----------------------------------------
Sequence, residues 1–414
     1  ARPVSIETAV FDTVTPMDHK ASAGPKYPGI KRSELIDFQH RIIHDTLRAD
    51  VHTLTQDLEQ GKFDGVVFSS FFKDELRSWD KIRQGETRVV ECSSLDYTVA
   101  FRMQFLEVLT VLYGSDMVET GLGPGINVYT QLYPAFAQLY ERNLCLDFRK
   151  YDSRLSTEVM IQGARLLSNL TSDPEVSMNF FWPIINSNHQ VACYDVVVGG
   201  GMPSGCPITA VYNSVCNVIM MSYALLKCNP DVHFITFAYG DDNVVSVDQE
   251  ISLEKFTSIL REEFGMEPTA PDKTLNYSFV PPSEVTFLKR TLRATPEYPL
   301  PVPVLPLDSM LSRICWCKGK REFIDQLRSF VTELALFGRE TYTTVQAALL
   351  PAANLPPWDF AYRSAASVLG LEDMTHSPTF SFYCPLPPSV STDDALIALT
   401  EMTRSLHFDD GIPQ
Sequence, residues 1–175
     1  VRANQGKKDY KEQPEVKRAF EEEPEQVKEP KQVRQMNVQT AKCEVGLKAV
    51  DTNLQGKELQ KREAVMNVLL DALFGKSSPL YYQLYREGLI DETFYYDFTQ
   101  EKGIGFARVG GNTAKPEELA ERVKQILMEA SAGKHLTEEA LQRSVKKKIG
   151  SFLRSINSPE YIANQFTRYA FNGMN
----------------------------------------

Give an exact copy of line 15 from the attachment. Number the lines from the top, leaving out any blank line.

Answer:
   151  SFLRSINSPE YIANQFTRYA FNGMN